These are examples of ‘off-licence’ pill prescribing. This means they are being used in a different way to that detailed on the product licence by the drug company. These methods of pill use are supported by the Faculty of Sexual and Reproductive Health. They are considered to be safe.
We can offer you advice on this, just send us a message via your account when you have completed the request questionnaire.
What are the potential side effects of Freedo?
Occasionally skin changes such as acne, decreased libido (sex drive), altered mood and fatigue are reported. Interestingly, Freedo can also improve acne in some women.
If you develop any of these symptoms and they are persisting, or you are concerned, please speak with your doctor. There are many alternative pill options to consider.
Combined pills like Freedo can cause increases in blood pressure. It is not medically safe to take this pill if you have high blood pressure. A blood pressure check should be performed every 6 months to monitor for this as you are unlikely to have any symptoms.
For full details of the potential side effects of these medications, please ensure that you read the patient information leaflet that comes with your medication before you start to use it.
Does taking Freedo increase my risk of getting a blood clot?
You should see a doctor immediately if you develop any of the following symptoms when taking the combined pill:
- Pain or swelling in the legs.
- Severe chest pain.
- Breathlessness or coughing up blood.
- Bad fainting attack or collapse.
- Unusual headaches or difficulty with speech or sight.
- Numbness or weakness of a limb.
Freedo has a relatively higher risk profile than some other combined contraceptive pills.
- If a blood clot develops in the leg, it can cause deep vein thrombosis (DVT).
- If it travels to the lung, it can cause a pulmonary embolism (PE).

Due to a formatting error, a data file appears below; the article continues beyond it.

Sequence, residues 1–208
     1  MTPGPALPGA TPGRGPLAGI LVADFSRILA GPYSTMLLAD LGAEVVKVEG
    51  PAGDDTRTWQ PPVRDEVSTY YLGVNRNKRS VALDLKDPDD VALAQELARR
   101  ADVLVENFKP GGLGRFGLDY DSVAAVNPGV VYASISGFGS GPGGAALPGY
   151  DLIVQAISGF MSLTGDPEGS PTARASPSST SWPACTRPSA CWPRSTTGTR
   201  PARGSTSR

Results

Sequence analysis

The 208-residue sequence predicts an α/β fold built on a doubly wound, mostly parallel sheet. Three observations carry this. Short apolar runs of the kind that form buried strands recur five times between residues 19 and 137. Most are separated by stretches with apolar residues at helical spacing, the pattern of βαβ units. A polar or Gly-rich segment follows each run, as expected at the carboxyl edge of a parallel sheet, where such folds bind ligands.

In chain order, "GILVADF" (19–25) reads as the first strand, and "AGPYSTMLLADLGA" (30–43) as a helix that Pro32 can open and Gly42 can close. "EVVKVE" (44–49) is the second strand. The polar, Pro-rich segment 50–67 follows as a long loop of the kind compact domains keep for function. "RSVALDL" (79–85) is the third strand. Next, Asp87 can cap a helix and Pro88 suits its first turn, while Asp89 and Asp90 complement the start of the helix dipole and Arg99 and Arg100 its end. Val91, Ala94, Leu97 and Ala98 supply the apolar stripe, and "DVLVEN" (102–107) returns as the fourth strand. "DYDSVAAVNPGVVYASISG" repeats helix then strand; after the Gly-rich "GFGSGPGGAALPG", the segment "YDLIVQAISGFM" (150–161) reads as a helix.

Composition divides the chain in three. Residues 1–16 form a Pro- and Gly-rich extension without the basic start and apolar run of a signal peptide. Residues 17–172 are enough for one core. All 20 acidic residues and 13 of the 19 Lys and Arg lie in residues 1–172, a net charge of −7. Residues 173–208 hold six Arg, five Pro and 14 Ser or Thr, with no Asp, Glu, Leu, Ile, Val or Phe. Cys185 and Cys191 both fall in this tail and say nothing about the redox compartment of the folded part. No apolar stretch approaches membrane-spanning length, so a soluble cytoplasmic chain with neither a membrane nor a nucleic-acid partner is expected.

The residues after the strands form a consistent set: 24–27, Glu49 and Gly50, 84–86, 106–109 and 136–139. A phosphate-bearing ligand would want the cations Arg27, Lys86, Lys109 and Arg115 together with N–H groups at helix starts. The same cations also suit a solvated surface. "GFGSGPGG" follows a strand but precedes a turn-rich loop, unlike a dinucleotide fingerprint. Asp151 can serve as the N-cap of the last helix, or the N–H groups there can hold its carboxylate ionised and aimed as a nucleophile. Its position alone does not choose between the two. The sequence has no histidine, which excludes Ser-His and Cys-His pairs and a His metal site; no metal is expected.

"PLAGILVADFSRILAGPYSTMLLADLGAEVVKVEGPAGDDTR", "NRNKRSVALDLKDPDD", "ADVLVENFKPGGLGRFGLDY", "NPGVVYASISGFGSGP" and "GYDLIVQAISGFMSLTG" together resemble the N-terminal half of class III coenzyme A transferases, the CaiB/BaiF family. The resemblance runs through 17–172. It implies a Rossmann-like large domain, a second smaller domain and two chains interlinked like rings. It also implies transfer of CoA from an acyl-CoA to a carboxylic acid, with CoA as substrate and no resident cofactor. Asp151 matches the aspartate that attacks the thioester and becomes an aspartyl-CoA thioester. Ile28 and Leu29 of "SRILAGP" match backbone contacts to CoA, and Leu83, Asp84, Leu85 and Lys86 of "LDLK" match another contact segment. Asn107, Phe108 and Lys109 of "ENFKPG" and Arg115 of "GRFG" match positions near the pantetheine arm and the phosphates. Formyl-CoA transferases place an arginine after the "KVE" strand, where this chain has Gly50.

- If it travels to the heart, it can cause a heart attack.
- If it travels to the brain, it can cause a stroke.
The risk of developing a blood clot is greatest in the months immediately after starting Freedo, or when restarting after a break of at least one month. This risk reduces over the first year of use and then remains stable. It is for this reason that frequent starting and stopping of Freedo should be avoided.
Other things that can increase your risk of developing a blood clot when taking Freedo include:
- Being overweight.
- Increasing age (from 35 years and older).
- Having a family member with a blood clot ages <45 years.
- Postpartum (6-12 weeks post-delivery).
- Reduced mobility (even temporarily).
The more of these risk factors that apply to you, the greater your risk.
Seek additional advice if you are:
- having a procedure or surgery (of any type)
- planning a long haul flight
- planning a holiday to an area of high altitude
- immobilised for a prolonged period of time
Further information about blood clot risk is detailed in the leaflet that comes with your medication. Please read this before you start this pill.
Can I delay my period using the Freedo pill?
Some people will experience breakthrough bleeding when taking pill packets back to back though.
What happens if I forget to take Freedo?
The main concern about missing a pill is how this will affect your contraceptive protection. The more pills you miss the greater the risk of becoming pregnant. This risk is greatest if you miss a pill from the start or the end of your pill packet.